Testers and Independence

by - jonathankohl 
I'm a big fan of collaboration within software development groups. I like to work closely with developers and other team members (particularly documentation writers and customers who can be great bug finders), because we get great results by working closely together. Here are some concerns I hear from people who aren't used to this:
How do testers (and other critical thinkers) express critical ideas?
How can testers integrated into development teams still be independent thinkers?
How can testers provide critiques of product development?
Here's how I do it:

1) I try very hard to be congruent. Read Virginia Satir's work, or Weinberg's Quality Software Management series for more on congruence. I work on being congruent by asking myself these questions:
"Am I trying to manipulate someone (or the rest of the team) by what I'm saying?"
"Am I not communicating what I really think?"
"Am I putting the process above people?"

Sounds simple, but it goes a long way.

We can be manipulative on agile teams as well. If I want a certain bug to be fixed that isn't being addressed, I can subtly alter my status at a daily standup to give it more attention (which will eventually backfire), or I can be congruent, and just say: "I really want us to focus on this bug."

Whenever I vocalize a small concern even when the rest of the team is going another direction, it is worthwhile. Whenever I don't, we end up with problems. It helps me retain my independence as an individual working in a team. If everyone does it, we get diverse opinions, and hopefully diverse views on potential risks instead of getting wrapped up in groupthink. Read Brenner's Appreciate Differences for more on this.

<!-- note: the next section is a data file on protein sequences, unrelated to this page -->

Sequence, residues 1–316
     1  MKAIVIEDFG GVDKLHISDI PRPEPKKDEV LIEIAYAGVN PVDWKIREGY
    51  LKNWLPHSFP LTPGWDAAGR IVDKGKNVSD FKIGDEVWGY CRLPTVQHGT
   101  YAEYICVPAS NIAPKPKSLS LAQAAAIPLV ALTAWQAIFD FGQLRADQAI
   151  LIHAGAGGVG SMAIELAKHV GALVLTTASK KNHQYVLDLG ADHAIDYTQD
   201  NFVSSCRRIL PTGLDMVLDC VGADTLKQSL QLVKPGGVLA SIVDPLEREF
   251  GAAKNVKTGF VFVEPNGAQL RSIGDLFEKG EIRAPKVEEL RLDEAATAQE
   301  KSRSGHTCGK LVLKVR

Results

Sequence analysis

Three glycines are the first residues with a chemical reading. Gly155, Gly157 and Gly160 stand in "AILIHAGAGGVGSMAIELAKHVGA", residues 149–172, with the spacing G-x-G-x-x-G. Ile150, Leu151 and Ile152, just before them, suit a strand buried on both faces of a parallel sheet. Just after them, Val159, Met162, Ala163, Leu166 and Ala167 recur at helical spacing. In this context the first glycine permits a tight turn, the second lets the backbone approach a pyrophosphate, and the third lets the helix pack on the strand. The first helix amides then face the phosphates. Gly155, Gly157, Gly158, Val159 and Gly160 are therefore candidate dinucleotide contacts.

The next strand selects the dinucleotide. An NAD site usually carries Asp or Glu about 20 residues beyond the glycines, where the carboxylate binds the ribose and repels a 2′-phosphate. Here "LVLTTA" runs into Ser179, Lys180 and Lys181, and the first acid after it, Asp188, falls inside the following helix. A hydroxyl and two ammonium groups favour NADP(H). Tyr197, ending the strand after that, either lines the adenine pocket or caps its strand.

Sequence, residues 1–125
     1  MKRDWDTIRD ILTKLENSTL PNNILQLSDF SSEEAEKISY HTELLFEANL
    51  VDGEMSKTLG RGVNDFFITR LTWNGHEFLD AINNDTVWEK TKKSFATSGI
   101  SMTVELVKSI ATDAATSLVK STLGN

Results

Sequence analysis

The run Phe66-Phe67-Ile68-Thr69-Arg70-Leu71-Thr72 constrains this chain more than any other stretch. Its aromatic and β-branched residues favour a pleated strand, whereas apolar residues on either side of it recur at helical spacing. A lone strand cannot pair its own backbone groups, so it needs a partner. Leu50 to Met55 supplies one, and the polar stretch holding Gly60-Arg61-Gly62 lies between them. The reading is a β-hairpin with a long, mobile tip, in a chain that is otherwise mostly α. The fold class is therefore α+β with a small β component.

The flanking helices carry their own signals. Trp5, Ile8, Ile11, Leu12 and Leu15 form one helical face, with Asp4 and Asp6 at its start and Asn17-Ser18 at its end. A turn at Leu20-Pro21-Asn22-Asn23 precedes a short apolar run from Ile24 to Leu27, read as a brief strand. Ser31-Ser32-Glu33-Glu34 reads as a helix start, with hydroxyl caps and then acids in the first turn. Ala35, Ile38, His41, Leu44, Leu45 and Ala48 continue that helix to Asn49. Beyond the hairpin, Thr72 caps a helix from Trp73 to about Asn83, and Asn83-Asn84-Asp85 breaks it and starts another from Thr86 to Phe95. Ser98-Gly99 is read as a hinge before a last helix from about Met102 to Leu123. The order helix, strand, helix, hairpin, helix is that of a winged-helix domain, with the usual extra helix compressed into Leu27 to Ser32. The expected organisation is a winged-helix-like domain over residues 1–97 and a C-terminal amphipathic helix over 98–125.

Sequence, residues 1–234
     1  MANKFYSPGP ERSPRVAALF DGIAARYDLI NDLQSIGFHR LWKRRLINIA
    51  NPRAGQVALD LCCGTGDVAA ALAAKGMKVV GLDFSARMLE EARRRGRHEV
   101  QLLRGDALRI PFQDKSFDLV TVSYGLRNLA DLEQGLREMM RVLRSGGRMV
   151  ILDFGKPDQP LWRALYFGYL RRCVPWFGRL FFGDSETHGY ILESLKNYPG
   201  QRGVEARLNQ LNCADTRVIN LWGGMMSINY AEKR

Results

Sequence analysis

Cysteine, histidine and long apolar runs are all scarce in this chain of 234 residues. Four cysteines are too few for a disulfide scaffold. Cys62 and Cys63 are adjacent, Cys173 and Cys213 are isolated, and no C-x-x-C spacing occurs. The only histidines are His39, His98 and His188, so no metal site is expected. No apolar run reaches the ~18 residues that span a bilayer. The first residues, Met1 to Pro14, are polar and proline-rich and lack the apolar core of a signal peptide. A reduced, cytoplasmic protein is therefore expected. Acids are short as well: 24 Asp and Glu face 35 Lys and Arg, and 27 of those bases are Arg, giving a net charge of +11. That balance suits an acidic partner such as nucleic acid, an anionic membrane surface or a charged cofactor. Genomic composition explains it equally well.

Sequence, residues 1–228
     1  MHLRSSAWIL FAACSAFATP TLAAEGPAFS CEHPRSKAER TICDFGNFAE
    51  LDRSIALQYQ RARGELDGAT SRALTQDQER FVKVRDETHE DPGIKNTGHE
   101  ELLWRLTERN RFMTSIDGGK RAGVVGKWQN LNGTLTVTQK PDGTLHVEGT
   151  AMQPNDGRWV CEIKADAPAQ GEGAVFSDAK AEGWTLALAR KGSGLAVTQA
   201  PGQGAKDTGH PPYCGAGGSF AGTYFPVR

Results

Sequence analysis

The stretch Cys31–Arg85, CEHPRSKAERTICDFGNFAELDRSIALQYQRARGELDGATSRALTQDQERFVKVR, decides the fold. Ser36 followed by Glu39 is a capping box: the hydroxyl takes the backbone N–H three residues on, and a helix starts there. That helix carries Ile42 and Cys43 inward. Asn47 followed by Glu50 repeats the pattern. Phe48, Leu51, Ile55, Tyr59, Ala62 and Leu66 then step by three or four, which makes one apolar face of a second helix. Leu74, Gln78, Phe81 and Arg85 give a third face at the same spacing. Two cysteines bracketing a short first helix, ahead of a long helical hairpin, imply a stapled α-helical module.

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Test your Software Testing Knowledge before giving the ISTQB exams (Foundation/Advanced)

You can test your knowledge of Software Testing by taking the following quizzes. There is one for each ISEB/ISTQB certificated software testing course and the answers will be revealed at the end to tell you how you got on and to see if you are ready to take the real exam.
Please choose a test:

ISEB Intermediate level
ISEB/ISTQB Foundation level
ISTQB Advanced Test Analyst level
ISTQB Advanced Technical Test Analyst level
ISTQB Advanced Test Manager level

Effective Test status reports

By - Anuj Magazine
Here i am sharing some tips based on my experience on how the status reports can be made more effective.

Identify the audience of status report: 
Knowing the audience who will read the report is an important exercise. More often, i have seen that the Test status reports are sent to distribution lists containing large number of people without a thought to who the recipients are. Having knowledge does not mean to know the people personally, which may not always be possible if you are working in an organization distributed world wide but it means to understand their role in the project. This always helps to anticipate the expectations people have from the status report.